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specimens were dried over silica gel in a desiccator at 37 oC and weighed to an accuracy of 0. Specimens then were immersed in distilled water.final weight after desication ) g = × 100 ( Initial weight ) g ( W1 − W3 ) g (2)Solubility % = × 100 ( W1 ) g ( Initial weight .Al.Nori AKh. "Group I" water bath method.W3 ) g × 100 ( W1 ) g ( Weight after absorption . and (2) temperature rise rapidly. MATERIALS AND METHODS The two different commercial heat– cured acrylic resins were used in this study. 7. For conventional water bath technique specimens cured with the conventional denture–flasking procedure. 2. namely conventional water bath heat– curing and microwave energy polymerization method and also different immersion periods on the water sorption and solubility of the different types of heat–cured acrylic resins. Eight specimens for each material in each group were prepared. and the two different resins were used in each group. then the temperature of the water bath increase to boiling (100 oC) for additional one hour. This was considered to be the initial weight of the specimen (W1). These were Major Base 2 (M) (Major prodotti company.14) This last method has the advantage of reducing time of curing. Italy) and Quayle Dental (England) ( QD ). Korea ) for 30 minutes at low setting ( 80 watts ): 15 minutes per side.(16. This represent the weight of the specimen after absorption of the distilled water. Different polymerization methods have been used: heat.5 ± 0. each specimen being in separate containers.final weight after desication ) g = × 100 ( Initial weight ) g multiple range test to determined the significant different among the groups at p< 0. The specimens subsequently were removed from their containers at 1 week and 1 month. a new Iraqi Fiber Reinforced Plastic (FRP) flask was placed in the microwave oven ( Samsung. so the final total number was thirty two.(18) Specimens were divided into two groups depending on the curing method. Germany ). The specimens processed at 74 oC for 1. Ali AA. The percentage of absorption and solubility were determined as follows (18): (1) Absorption % = ( W2 .1mm thikness).5hours. 2007 . Model RE–570 D.(7) The aim of this study was to evaluate the effect of the different curing methods.(8) While for the curing cycle for microwave technique. followed by 1.(19) Initially. "Group II" microwave energy curing method.0001 g using an electronic balance ( Mettler PM 460 . The resins wear mixed at powder/liquid ratio of (2.(15) The major advantages of microwave heating over conventional heating are: (1) the inside and outside of substance are almost equally heated. 17) The resins specimens for the water sorption and solubility were prepared as disks with a dimension (50 ± 1 mm in diameter and 0. The amount of soluble materials lost was measured by drying the specimens in the desiccator after each absorption cycle and recorded as (W3). Rejab LT ord the technical work of the professionals. Mean values and standard deviation wear calculated Mean values wear compared statistically with one way analysis of variance (ANOVA) followed by Duncan's 187 Al–Rafidain Dent J Vol.(13. light and microwave energy. No. The procedure was repeated after interval of 1 week and 1 month.5/1) by weight. 0.05 level of significance.6 cuft. Excess water was removed by blotting with filter paper and the weight of the specimen was recorded (W2) at each occasion.5 minutes at the high setting (500 watts).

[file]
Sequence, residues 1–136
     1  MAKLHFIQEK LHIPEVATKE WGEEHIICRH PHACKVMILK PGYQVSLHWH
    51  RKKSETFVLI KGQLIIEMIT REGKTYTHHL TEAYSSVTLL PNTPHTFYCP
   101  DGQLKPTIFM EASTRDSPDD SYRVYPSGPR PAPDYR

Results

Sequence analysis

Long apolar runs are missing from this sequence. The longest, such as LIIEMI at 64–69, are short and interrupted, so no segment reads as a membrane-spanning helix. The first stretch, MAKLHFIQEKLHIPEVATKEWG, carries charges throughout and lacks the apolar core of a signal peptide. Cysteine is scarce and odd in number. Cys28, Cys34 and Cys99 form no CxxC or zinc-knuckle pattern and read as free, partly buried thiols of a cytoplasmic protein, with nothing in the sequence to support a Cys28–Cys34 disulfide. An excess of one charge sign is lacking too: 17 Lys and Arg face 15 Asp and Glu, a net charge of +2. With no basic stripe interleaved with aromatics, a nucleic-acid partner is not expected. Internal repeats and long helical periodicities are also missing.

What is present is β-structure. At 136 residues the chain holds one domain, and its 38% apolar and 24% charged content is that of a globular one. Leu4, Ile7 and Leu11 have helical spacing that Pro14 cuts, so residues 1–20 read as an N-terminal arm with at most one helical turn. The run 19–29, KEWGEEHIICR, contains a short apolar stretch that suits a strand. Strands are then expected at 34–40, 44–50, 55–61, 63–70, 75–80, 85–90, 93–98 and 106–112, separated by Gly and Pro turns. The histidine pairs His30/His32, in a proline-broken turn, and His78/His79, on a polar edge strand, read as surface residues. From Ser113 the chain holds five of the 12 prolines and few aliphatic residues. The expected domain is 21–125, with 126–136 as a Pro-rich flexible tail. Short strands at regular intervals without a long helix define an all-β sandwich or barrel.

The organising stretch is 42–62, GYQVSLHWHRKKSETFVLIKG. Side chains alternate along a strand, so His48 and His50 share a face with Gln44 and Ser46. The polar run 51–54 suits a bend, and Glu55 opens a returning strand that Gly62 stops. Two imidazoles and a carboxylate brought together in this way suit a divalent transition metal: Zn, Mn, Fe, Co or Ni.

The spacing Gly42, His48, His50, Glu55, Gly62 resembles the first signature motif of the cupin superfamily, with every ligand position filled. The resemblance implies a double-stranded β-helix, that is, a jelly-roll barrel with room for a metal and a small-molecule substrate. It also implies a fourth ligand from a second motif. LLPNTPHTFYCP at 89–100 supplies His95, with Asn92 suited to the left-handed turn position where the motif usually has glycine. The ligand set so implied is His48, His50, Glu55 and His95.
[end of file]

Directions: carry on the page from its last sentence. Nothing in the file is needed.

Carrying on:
Water solubility ratio ( weight % ) Tested groups Quayle Dental resin 7 days 1 month immersion immersion Mean+ SD Group I 8 0.Water sorption of acrylic resin RESULTS AND DISCUSSION The results of the mean value of the water sorption and solubility in this study are shown in Tables (1 and 2). Denture plastics of the same type may vary in water sorption because of the presence of additives.2075 1. water up take and ratios of water sorption and solubility. Table(2): Means value of the water solubility rate of the tested materials cured by two different curing methods for different immersion periods.9221+ 0.8221+ 0. The results in Figure (1) represent the ratios of the water sorption and solubility of the QD and M resins in the tested groups Group I (water bath method ) and Group II ( microwave energy curing method ) after 7 days of immersion.1097 Mean+ SD 0. 2007 188 . 21) when examined the physical properties of the different brands of heat–cured denture base resins that had different additives.3484+0.5192+0. No: Samples number. The results of ANOVA at p< 0.5712+0. Group I: Water bath curing method.1813 2.161 1.3979 Group II SD: Standard deviation.(11) This result come in agreement with the finding of Peter and Ernst and others (20. Water sorption ratio ( weight % ) Tested groups No Quayle Dental resin 7 days 1 month immersion immersion Mean+SD Mean + SD 1.05 level of significance are shown in Tables (3–10) and the results of Duncan's multiple range test were represented in Figures (1–3). No: Samples number.68 0. Group I: Water bath curing method.1351 No 8 1. No.4853+0. Table (1): Means value of the water sorption rate of the tested materials cured by two different curing methods for different immersion periods.2085 2.9864+0.3168+ 0.8792 1.1374 1.7192+ 0.0689 Major resin 7 days 1 month immersion immersion Mean+ SD 0.8892 Major resin 7 days 1 month immersion immersion Mean+ SD Mean+ SD 0.6778 1.3424+0.1752 Group I 8 8 1.7251 Group II SD: Standard deviation.2743+0. 7. The ratios of the QD resin were higher than that of the M resin but the difference was not significant as shown in Tables (3 and 4).6767 Mean+ SD 0. Group II: Microwave energy curing method.9821+1.9886+0.2436+0. Al–Rafidain Dent J Vol.0168+0.5964+0. the resins exhibit significant differences in residual MMA monomer. 2. Group II: Microwave energy curing method.